Sharks to close in after rain

SWIMMERS are being warned to be on guard, as the wet weather could lead to an increase in shark sightings along the Bundaberg region’s coastline.

The warnings follow an incident on Sunday, when lifeguards closed Mon Repos beach after a pack of up to six sharks was spotted less than 20 metres from shore.

Tony Ham, manager of the shark control program run by the Department of Primary Industries and Fisheries, said rain led to murkier water and a concentration of bait fish and bull sharks close to shore after being flushed out of rivers and estuaries.

“With heavier rain you’ll see more sharks on the move, chasing bait fish and, in this case, probably the turtles,” Mr Ham said.

“Tiger sharks are particularly fond of turtles, but other species are pretty opportunistic as well.”

Surf Life Saving Queensland Wide Bay Capricorn regional manager Craig Holden could not confirm the species of shark off the Mon Repos shore, but Mr Ham said tiger, bull and whaler sharks were all common in these waters.

The Mon Repos incident has been one of the few shark sightings in the region so far this summer, but Mr Holden said it was not uncommon to see numerous predators lurking in seas off the Bargara coastline.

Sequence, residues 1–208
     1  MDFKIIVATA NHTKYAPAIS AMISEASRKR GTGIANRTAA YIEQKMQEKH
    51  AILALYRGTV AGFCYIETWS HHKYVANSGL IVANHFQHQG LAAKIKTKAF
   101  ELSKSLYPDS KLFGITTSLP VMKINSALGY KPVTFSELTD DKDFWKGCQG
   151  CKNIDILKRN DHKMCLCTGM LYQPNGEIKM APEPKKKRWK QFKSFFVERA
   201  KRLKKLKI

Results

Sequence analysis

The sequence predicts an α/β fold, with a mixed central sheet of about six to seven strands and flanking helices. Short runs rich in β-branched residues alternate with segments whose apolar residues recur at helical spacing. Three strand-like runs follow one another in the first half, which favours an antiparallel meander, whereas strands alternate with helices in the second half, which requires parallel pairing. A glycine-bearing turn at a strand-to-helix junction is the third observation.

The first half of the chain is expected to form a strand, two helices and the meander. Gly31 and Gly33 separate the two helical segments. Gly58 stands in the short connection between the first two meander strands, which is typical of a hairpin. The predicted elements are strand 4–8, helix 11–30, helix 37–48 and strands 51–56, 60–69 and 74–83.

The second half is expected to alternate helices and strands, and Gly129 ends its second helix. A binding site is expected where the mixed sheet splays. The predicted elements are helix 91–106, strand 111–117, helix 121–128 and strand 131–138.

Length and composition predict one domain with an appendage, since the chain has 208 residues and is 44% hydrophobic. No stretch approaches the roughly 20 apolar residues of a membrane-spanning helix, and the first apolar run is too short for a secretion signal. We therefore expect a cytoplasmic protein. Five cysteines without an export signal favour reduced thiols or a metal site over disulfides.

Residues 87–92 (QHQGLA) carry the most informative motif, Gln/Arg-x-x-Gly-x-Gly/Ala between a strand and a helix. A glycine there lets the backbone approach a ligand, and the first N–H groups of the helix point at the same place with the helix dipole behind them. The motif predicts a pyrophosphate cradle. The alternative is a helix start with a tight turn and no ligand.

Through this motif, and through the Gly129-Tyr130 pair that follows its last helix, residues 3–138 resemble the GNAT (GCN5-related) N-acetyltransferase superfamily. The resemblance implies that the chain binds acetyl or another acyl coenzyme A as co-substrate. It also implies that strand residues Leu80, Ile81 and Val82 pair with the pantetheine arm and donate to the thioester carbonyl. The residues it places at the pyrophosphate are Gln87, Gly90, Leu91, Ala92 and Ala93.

“Last year was very quiet, but the year before we saw a lot more. There could be up to a dozen each year,” he said.

Bargara Beach, Kelly’s Beach, Nielson Park and Oaks Beach are all equipped with Shark Control Program (SCP) equipment — drumlines and nets intended to catch feeding sharks and reduce the number of potentially dangerous sharks found in particular areas.

Both Mr Holden and Mr Ham echoed similar warning to swimmers in light of the sightings.

“Don’t swim at dawn or dusk, avoid swimming in murky water and river mouths, never swim alone, near schools of fish, or when you’re bleeding,” Mr Ham said.

“We don’t want to scare anyone. We just want people to be aware, obey the lifeguards’ instructions and swim in patrolled areas,” Mr Holden added.

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